Muscles are a different story. Muscular soreness is an unavoidable sensation caused by any physical activity: running, biking, weight lifting, dancing. This kind of soreness is natural. But if you start feeling pain in your joints – such as in the vertebrae or shoulder joints – while attempting complex movements, it’s time to modify.

Wave your yoga instructor down and ask for a few pointers. At Yoga Fever, we do our best to help students right during class, but if we can’t answer all your questions, please grab us before or after class!

Conquering the Ego

If you are experiencing an injury, one of the hardest things to face is your own ego. You’ll begin to cringe when you have to back out of a pose or rest in child’s pose rather than following the sequence you used to easily flow through. I’ve got some blunt honesty for you: let the ego bleed itself to death. This is exactly what you’ll need to free yourself from the whiny voice in your head that thinks your value is tied to your success.

Then, you’ll be able to reframe your mind. Injury demands you to ask what your priority in yoga really is. When you can no longer do the “cool” poses, you must identify whether your motivation is finding inner peace or simply mastering advanced poses.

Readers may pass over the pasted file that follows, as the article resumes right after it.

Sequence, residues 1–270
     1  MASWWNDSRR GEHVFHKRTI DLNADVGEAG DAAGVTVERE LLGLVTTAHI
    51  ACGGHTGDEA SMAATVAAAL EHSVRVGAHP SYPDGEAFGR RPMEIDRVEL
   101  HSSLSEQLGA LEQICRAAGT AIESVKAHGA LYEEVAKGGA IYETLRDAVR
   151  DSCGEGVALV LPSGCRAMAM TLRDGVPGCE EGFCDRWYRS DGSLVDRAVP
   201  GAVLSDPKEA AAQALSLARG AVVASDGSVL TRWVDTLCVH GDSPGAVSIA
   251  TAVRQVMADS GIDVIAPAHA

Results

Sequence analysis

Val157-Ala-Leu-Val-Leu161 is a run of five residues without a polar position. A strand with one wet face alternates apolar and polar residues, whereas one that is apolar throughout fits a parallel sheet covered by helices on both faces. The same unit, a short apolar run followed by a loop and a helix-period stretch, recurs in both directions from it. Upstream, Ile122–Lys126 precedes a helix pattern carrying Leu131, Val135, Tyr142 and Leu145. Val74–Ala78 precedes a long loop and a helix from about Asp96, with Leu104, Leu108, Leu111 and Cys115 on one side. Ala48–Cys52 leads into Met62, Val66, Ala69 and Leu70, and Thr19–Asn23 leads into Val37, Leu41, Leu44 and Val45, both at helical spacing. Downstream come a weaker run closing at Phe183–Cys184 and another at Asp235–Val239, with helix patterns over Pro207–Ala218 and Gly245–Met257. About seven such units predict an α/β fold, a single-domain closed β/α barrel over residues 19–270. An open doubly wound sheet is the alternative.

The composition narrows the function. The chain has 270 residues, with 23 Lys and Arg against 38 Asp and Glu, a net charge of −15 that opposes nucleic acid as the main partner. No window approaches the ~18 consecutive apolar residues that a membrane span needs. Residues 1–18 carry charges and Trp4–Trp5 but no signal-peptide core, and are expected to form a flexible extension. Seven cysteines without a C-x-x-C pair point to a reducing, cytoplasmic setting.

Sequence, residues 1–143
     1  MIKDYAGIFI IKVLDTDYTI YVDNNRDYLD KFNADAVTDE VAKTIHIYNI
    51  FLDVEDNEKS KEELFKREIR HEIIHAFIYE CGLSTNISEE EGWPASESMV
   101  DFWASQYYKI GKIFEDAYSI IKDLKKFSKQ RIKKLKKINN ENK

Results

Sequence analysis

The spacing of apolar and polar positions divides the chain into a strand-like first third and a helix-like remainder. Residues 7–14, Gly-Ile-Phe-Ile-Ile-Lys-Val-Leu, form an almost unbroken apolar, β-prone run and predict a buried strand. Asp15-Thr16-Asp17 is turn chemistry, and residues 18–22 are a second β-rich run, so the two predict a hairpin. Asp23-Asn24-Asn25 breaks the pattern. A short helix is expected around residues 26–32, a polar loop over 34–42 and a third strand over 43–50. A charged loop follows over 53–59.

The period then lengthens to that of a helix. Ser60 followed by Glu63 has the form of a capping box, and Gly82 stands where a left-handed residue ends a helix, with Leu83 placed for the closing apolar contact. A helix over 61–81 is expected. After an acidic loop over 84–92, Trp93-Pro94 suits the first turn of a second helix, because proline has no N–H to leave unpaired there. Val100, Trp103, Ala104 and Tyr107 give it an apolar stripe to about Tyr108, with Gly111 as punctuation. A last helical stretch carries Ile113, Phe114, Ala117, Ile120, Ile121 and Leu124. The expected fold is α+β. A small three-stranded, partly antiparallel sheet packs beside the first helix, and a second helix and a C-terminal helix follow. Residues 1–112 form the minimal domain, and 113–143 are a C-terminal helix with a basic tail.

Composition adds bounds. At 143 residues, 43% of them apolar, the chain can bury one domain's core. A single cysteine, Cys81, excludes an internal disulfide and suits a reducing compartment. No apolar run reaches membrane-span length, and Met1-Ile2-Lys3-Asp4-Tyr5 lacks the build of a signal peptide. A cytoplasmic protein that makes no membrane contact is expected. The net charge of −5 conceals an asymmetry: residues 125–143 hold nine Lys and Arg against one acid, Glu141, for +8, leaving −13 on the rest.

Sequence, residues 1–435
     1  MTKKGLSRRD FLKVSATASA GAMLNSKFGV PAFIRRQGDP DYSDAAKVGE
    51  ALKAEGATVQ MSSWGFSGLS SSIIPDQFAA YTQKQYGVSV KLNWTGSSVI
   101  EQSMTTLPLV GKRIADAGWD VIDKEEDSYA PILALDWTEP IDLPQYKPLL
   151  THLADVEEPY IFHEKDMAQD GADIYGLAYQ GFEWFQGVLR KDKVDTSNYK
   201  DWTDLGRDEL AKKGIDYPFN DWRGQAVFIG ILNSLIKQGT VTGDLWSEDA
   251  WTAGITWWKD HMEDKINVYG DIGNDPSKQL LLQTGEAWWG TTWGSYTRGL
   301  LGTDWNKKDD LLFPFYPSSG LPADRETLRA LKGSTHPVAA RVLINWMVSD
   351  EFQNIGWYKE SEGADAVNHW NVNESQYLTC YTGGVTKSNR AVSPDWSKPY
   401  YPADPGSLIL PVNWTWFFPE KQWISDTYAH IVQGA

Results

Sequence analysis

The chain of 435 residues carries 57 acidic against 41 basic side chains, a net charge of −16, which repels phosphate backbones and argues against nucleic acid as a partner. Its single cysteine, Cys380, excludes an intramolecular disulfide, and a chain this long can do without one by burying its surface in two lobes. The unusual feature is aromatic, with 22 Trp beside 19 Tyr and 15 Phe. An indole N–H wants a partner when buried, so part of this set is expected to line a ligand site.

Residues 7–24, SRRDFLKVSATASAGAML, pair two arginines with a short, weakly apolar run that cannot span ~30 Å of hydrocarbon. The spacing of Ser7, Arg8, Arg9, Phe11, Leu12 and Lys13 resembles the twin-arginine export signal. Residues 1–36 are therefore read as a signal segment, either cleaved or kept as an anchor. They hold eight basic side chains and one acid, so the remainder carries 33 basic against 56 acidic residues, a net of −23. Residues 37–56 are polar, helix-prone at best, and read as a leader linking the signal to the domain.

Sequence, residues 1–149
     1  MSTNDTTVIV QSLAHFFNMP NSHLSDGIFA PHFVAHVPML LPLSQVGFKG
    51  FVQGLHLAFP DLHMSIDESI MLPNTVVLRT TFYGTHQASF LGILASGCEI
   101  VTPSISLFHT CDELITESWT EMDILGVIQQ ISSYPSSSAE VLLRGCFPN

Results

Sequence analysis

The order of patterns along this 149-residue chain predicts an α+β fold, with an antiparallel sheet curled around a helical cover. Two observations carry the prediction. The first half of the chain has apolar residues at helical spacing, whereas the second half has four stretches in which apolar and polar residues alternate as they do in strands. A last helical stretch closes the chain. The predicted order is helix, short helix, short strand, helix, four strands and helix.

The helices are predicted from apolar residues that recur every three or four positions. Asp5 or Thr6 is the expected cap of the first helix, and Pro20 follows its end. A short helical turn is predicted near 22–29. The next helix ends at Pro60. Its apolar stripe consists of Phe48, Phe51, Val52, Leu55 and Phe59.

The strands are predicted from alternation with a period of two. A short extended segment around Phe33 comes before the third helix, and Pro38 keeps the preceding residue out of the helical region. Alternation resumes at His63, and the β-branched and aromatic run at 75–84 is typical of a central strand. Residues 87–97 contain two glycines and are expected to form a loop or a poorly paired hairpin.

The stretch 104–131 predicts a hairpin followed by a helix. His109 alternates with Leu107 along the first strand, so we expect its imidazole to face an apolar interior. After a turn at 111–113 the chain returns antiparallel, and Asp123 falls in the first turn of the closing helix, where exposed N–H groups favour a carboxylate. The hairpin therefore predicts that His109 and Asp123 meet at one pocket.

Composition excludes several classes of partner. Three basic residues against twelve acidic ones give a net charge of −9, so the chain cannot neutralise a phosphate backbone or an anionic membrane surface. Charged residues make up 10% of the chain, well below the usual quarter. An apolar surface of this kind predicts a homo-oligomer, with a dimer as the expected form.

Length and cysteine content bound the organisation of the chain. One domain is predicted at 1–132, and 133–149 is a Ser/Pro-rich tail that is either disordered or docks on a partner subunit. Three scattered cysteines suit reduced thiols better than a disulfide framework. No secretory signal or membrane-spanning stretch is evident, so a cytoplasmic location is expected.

Injury Prevention

1. Sudden or Acute Pain– Do you know the difference between stretching within your limits and pushing beyond them? Often, we slip into the latter and our body gives a shout of pain.

What to Do: Speak up if something doesn’t feel quite right when your instructor makes an adjustment. Give yourself some compassion when you have the desire to force or contort yourself into a posture that’s just not happening today!

2. Connective Tissue Tears– Occasionally, your joint may take on too heavy of a load, such as your knees in Chair Pose or your elbows and wrists in arm balances.

What to Do: Stop what you were doing immediately before making the injury worse. You may want to take a few days off, but when you do return to your mat, remember to focus on stability rather than stretching; this way you’ll stay within your limits.

3. Repetitive Stress Injuries– Dedicated yogis occasionally experience stress injuries – like tendonitis – from repeatedly doing the same movements.

What to Do: Though you may have a favorite style of yoga, mixing things up and trying not only different yoga classes but also other forms of exercise, is a great way to shift the frequency away from overused body parts.

Last piece of advice today: give yin yoga a try. This is a new class to Yoga Fever, being held Sunday evenings from 7:30-8:30pm. From healing injured shoulders to little toes, yin yoga is the answer. It focuses on long, passive holds, stretching and nourishing your connective tissue. This is where the action is and where injuries are healed. Give it a try!